Through the use of the above-described embodiment of the pneumatic spring element and by using an electroviscous fluid, it is thus possible in a simple manner to adjust the basic stiffness by means of the air pressure and additionally to attain damping and to control it within wide limits using an appropriate control voltage. The viscosity of the fluid used can be varied by a factor of from 3 to 1000 depending on its composition, its intrinsic viscosity and the mechanical construction of the pneumatic spring element, by applying an electrical field; the total power consumption of the element is generally less than 2 watts.
The foregoing is a description corresponding in substance to German Application No. P 35 40 300.4, dated Nov. 13, 1985, the International priority of which is being claimed for the instant application, and which is hereby made part of this application. Any material discrepancies between the foregoing specification and the aforementioned corresponding German application are to be resolved in favor of the latter.
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|U.S. Classification||267/122, 267/219, 248/550, 267/140.15, 267/35, 267/141.1, 267/152, 188/267|
|International Classification||F16F13/30, F16F13/00, F16F13/20|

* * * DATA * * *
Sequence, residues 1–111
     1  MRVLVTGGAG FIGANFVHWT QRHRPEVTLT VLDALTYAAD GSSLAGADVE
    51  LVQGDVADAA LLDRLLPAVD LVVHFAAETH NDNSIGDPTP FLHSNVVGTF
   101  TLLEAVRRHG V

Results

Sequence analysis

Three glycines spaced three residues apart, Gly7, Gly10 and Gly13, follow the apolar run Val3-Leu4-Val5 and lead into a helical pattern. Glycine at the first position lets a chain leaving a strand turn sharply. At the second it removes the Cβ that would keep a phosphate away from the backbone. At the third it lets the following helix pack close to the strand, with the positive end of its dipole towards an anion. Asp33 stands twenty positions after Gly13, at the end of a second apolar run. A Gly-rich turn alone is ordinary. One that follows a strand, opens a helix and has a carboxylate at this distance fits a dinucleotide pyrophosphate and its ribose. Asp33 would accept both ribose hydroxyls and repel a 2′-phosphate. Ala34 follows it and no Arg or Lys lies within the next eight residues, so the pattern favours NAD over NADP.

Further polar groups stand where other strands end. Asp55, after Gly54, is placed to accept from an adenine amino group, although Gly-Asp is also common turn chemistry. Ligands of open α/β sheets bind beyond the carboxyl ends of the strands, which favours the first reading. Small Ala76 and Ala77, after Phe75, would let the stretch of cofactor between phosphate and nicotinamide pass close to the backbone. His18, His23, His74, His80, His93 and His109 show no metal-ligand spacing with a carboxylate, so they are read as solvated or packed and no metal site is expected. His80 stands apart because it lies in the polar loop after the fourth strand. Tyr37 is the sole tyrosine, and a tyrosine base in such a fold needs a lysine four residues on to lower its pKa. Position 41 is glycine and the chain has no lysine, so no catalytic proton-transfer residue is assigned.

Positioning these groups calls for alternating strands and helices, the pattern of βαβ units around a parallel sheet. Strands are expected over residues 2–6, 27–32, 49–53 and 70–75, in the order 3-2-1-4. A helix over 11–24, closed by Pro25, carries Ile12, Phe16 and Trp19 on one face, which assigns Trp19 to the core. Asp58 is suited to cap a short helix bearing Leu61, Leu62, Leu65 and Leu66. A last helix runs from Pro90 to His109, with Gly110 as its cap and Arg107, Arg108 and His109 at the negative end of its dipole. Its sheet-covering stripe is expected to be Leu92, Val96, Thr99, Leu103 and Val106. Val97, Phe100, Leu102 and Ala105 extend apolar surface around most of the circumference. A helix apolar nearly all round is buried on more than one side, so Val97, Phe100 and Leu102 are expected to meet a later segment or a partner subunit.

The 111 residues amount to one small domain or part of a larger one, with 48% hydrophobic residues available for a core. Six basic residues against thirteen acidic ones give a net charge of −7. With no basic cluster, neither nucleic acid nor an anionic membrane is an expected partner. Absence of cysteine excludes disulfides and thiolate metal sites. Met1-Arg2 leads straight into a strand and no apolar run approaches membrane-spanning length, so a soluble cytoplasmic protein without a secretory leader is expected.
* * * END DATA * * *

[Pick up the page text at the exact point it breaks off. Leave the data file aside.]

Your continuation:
|Cooperative Classification||F16F13/20, F16F13/30|
|European Classification||F16F13/30, F16F13/20|
|Jun 8, 1988||AS||Assignment|
Owner name: METZELER KAUTSCHUK GMBH, MUNCHEN, GERMANY,A GERMAN
Free format text: ASSIGNMENT OF ASSIGNORS INTEREST.;ASSIGNOR:HARTEL, VOLKER;REEL/FRAME:004886/0152
Effective date: 19861023
Owner name: METZELER KAUTSCHUK GMBH, A GERMANY CORP.,GERMANY
Free format text: ASSIGNMENT OF ASSIGNORS INTEREST;ASSIGNOR:HARTEL, VOLKER;REEL/FRAME:004886/0152
Effective date: 19861023
|Sep 30, 1991||FPAY||Fee payment|
Year of fee payment: 4
|Oct 13, 1992||AS||Assignment|
Owner name: METZELER AUTOMOTIVE PROFILES GMBH, GERMANY
Free format text: CHANGE OF NAME;ASSIGNORS:METZELER KAUTSCHUK GMBH;METZELER GMBH;REEL/FRAME:006314/0264
Effective date: 19920819
|Apr 2, 1996||REMI||Maintenance fee reminder mailed|
|Aug 25, 1996||LAPS||Lapse for failure to pay maintenance fees|
|Nov 5, 1996||FP||Expired due to failure to pay maintenance fee|
Effective date: 19960828